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It is easy to get sucked in to the season of finding the greatest deals for our kids, making sure they have the hot items and that everyone is spoiled during the gift giving season. Every year I try to redirect the focus for my kids to think about others. We are always doing small community service projects but this we decided to take on a different project.

Last week we taught the girls in my Girl Scout Troop how to sew for the first time. This was really exciting for them especially since we worked it in to a community service project. My co-leader found this rad tutorial online for a reversible stocking. We were able to get them done with the group of 4th graders and one 1st grader in about an hour. Not too bad!

We are stuffing these stockings for the local rescue mission. They provided a suggested list of items for the stockings for children and adults. If you take on this project then contact your local women’s shelters, children’s hospitals and rescue missions to see where you can donate. This would also be a great donation for a retirement home filled with appropriate goodies for the residents there.

This has been a wonderful family activity and we even took a few older stockings we have and started to fill those. We want to provide two stockings from each of us. The kids are even contributing money to pay for items out of their own savings.

Here are some ideas we got from the Rescue Mission:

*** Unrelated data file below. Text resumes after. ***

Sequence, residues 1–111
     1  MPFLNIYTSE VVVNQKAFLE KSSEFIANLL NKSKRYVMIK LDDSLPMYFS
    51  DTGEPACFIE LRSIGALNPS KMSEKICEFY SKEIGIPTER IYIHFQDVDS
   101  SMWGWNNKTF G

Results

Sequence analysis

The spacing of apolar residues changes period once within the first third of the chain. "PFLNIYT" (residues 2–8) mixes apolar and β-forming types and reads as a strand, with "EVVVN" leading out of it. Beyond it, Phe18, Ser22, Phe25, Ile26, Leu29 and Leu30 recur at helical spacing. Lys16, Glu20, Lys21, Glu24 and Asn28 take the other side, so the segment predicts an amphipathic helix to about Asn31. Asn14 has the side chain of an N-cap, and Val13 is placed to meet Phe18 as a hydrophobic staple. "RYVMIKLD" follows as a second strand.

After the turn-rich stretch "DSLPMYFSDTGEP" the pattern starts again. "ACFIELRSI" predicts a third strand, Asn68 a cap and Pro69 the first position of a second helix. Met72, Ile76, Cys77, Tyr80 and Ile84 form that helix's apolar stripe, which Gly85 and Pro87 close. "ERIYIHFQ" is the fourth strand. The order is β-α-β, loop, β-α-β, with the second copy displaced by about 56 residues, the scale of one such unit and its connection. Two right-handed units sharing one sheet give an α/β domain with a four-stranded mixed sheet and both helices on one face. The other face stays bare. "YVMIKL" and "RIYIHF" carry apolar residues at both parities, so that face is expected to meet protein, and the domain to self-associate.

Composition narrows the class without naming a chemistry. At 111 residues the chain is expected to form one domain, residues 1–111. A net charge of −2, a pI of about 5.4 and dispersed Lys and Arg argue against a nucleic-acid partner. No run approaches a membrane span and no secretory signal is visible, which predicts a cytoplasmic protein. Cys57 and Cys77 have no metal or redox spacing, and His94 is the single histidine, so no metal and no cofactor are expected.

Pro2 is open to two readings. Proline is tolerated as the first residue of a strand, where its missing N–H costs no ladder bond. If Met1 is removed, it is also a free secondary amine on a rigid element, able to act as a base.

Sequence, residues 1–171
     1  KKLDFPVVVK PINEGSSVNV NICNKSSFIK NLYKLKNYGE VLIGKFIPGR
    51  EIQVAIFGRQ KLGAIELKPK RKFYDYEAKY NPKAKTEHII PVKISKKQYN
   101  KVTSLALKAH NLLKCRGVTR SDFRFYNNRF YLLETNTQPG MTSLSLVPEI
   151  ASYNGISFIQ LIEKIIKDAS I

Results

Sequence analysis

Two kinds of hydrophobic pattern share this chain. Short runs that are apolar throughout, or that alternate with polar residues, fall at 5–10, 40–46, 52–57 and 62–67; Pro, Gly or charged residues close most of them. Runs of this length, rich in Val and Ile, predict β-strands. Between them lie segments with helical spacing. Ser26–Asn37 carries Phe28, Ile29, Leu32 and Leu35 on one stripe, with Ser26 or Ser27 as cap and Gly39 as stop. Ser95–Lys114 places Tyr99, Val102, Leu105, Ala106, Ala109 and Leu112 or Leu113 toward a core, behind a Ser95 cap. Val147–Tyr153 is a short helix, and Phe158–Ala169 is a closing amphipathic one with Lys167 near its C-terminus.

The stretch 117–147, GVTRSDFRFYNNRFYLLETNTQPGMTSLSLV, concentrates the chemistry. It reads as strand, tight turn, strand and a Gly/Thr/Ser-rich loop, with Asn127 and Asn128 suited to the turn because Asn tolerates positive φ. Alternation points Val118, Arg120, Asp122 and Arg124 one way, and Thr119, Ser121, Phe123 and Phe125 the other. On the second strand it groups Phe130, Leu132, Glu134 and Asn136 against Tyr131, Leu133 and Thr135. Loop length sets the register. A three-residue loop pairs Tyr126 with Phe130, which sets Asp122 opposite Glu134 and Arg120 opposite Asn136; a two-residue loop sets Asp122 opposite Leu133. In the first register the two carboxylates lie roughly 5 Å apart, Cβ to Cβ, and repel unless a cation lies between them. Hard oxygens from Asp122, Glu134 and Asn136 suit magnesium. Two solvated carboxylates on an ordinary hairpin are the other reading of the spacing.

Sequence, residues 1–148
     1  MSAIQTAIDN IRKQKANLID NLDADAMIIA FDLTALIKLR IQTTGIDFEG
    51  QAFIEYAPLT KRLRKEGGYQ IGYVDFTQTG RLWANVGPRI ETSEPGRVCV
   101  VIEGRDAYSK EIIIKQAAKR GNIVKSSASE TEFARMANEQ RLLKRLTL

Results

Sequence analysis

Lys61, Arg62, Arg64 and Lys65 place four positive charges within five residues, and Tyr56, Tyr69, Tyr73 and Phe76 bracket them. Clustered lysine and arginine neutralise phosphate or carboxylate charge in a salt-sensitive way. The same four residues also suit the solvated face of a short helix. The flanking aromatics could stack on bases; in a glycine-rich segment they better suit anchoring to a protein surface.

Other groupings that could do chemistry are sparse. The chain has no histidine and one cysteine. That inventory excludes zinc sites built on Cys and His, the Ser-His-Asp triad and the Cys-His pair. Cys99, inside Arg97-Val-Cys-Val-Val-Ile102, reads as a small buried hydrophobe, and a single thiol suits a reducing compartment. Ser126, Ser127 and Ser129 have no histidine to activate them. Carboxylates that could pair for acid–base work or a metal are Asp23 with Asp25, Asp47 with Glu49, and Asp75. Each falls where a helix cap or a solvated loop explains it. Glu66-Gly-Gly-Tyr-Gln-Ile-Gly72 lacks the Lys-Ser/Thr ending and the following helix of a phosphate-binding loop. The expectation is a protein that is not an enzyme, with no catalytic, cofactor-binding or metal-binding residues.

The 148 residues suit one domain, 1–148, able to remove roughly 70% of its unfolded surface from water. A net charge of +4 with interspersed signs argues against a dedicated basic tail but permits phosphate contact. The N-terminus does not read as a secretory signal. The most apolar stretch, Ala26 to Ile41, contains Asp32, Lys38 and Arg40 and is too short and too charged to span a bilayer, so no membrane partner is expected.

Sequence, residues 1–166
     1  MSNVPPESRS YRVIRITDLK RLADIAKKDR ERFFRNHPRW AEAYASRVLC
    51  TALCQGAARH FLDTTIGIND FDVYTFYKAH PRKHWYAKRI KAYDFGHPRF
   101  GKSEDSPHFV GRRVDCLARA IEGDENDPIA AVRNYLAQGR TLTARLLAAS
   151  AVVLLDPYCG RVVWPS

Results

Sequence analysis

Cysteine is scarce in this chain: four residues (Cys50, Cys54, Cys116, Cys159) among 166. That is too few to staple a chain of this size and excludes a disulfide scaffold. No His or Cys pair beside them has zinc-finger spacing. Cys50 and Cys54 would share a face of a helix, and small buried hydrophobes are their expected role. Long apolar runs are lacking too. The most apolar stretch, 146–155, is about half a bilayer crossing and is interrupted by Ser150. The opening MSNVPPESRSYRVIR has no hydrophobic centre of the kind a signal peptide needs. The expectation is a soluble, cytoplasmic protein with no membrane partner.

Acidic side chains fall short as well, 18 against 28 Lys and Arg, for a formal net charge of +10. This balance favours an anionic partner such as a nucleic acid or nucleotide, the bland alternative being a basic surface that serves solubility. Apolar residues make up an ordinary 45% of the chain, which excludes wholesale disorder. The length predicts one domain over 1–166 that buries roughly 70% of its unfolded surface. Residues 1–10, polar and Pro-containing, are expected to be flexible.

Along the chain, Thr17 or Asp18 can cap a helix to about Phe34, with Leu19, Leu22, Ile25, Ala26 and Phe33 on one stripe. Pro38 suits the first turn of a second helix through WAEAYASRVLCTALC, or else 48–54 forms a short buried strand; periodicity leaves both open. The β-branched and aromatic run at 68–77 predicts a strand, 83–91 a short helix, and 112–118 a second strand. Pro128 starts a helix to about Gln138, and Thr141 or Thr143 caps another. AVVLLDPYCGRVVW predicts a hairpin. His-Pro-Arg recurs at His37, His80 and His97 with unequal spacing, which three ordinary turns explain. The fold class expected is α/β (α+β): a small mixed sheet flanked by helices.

Boys: sports balls, Hot Wheels, cartoon and super hero Band-Aids, puzzles, pens/pencils, crayons, notepads, coloring books, stickers, small story books, yo-yo’s, books, comic books.

Girls: Barrettes, headbands, clips/bows, necklaces, bracelets, rings, coin purses, stickers, pencils/pens, erasers, crayons, note pads, coloring books, small story books, jump ropes, fancy shoe laces, nail care items bubble bath items.

Teens/Adults: Key chains, word search books, crossword puzzles, combs, lotions, kandkerchiefts, scarves, perfumes, slippers, playing cards, novels, athletic gear.

Other ideas: Origami, bookmarks, crazy straws, glow sticks, mini flashlights, comfy socks, hat and glove sets. Some local charities need the necessities for their residents so think of adding items like hotel soaps, gifts in a jar, gift cards to grocery stores or personal care sets!

I’m sure you can think of a ton of different things to add to your stockings! It really depends on where you plan on donating them to and every item will bring a smile to someone’s face.

Want to do something a little further? Organize a Stocking Stuffing Playdate! Don’t worry you don’t have to teach everyone to sew! Ask your friends and family to come with a stocking (or two) and items to use to donate to a cause. If everyone brings extras to share for each stocking that makes it more magical. Make it a potluck… because every gathering is better with snacks!

If you want to get really ambitious ask your school, church or local shop to allow you to take in donations for the stockings. The more donated items the better. My daughter asked neighbors if they have anything they want to donate and the response has been wonderful.

Tis the season everyone! If you have any other ideas for this project please share them! I’d love to hear your stories if you complete this project!